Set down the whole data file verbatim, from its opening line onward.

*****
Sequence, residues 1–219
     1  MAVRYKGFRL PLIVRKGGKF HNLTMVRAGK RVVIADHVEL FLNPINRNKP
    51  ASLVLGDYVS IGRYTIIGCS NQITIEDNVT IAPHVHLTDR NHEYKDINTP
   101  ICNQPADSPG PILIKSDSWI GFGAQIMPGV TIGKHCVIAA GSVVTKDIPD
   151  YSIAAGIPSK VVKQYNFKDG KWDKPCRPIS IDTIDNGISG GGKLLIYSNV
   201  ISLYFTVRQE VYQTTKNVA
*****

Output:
Sequence, residues 1–219
     1  MAVRYKGFRL PLIVRKGGKF HNLTMVRAGK RVVIADHVEL FLNPINRNKP
    51  ASLVLGDYVS IGRYTIIGCS NQITIEDNVT IAPHVHLTDR NHEYKDINTP
   101  ICNQPADSPG PILIKSDSWI GFGAQIMPGV TIGKHCVIAA GSVVTKDIPD
   151  YSIAAGIPSK VVKQYNFKDG KWDKPCRPIS IDTIDNGISG GGKLLIYSNV
   201  ISLYFTVRQE VYQTTKNVA